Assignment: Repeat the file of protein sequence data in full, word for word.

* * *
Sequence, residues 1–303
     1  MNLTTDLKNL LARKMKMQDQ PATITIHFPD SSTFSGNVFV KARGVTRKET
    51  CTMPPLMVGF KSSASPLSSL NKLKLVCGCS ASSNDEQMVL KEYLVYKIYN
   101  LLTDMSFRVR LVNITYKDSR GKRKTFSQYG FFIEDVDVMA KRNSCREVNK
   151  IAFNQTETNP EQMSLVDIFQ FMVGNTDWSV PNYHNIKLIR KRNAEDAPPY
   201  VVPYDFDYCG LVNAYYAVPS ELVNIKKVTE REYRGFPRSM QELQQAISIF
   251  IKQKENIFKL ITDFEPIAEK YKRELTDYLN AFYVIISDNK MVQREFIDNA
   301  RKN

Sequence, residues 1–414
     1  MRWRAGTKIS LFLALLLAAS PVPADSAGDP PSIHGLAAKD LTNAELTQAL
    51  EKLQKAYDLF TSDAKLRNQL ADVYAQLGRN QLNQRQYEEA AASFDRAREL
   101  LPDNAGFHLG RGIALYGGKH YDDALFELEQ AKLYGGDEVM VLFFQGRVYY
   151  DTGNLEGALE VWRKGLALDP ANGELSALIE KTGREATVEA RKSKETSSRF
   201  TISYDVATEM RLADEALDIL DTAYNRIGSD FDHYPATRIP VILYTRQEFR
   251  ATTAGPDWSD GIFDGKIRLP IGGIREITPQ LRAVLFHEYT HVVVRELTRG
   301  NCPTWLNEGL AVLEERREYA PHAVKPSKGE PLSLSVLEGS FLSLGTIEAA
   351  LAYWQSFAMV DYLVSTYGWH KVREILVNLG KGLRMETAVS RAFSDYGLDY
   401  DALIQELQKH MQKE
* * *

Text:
Sequence, residues 1–303
     1  MNLTTDLKNL LARKMKMQDQ PATITIHFPD SSTFSGNVFV KARGVTRKET
    51  CTMPPLMVGF KSSASPLSSL NKLKLVCGCS ASSNDEQMVL KEYLVYKIYN
   101  LLTDMSFRVR LVNITYKDSR GKRKTFSQYG FFIEDVDVMA KRNSCREVNK
   151  IAFNQTETNP EQMSLVDIFQ FMVGNTDWSV PNYHNIKLIR KRNAEDAPPY
   201  VVPYDFDYCG LVNAYYAVPS ELVNIKKVTE REYRGFPRSM QELQQAISIF
   251  IKQKENIFKL ITDFEPIAEK YKRELTDYLN AFYVIISDNK MVQREFIDNA
   301  RKN

Sequence, residues 1–414
     1  MRWRAGTKIS LFLALLLAAS PVPADSAGDP PSIHGLAAKD LTNAELTQAL
    51  EKLQKAYDLF TSDAKLRNQL ADVYAQLGRN QLNQRQYEEA AASFDRAREL
   101  LPDNAGFHLG RGIALYGGKH YDDALFELEQ AKLYGGDEVM VLFFQGRVYY
   151  DTGNLEGALE VWRKGLALDP ANGELSALIE KTGREATVEA RKSKETSSRF
   201  TISYDVATEM RLADEALDIL DTAYNRIGSD FDHYPATRIP VILYTRQEFR
   251  ATTAGPDWSD GIFDGKIRLP IGGIREITPQ LRAVLFHEYT HVVVRELTRG
   301  NCPTWLNEGL AVLEERREYA PHAVKPSKGE PLSLSVLEGS FLSLGTIEAA
   351  LAYWQSFAMV DYLVSTYGWH KVREILVNLG KGLRMETAVS RAFSDYGLDY
   401  DALIQELQKH MQKE